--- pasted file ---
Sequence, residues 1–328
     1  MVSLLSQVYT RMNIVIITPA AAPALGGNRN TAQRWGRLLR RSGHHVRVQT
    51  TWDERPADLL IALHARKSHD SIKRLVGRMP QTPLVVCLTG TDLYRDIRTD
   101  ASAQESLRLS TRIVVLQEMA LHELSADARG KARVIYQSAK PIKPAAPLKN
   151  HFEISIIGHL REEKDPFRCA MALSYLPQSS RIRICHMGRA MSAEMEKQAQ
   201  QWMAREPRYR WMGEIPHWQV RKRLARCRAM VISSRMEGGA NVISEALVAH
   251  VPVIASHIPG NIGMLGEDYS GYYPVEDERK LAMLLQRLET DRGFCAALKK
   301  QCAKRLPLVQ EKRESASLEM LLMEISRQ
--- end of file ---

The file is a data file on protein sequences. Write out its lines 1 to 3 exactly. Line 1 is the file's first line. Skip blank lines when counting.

Sequence, residues 1–328
     1  MVSLLSQVYT RMNIVIITPA AAPALGGNRN TAQRWGRLLR RSGHHVRVQT
    51  TWDERPADLL IALHARKSHD SIKRLVGRMP QTPLVVCLTG TDLYRDIRTD